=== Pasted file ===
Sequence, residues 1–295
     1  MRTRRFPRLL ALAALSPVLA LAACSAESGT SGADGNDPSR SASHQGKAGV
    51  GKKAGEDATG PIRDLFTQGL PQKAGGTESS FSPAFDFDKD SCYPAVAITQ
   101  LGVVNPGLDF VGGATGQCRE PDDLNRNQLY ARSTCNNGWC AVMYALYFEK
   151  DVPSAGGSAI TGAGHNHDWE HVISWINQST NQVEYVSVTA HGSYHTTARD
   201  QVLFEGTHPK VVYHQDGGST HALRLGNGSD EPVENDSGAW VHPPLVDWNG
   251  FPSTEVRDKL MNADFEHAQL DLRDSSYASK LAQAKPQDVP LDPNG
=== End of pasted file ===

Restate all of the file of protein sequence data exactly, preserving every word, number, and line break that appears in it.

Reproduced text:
Sequence, residues 1–295
     1  MRTRRFPRLL ALAALSPVLA LAACSAESGT SGADGNDPSR SASHQGKAGV
    51  GKKAGEDATG PIRDLFTQGL PQKAGGTESS FSPAFDFDKD SCYPAVAITQ
   101  LGVVNPGLDF VGGATGQCRE PDDLNRNQLY ARSTCNNGWC AVMYALYFEK
   151  DVPSAGGSAI TGAGHNHDWE HVISWINQST NQVEYVSVTA HGSYHTTARD
   201  QVLFEGTHPK VVYHQDGGST HALRLGNGSD EPVENDSGAW VHPPLVDWNG
   251  FPSTEVRDKL MNADFEHAQL DLRDSSYASK LAQAKPQDVP LDPNG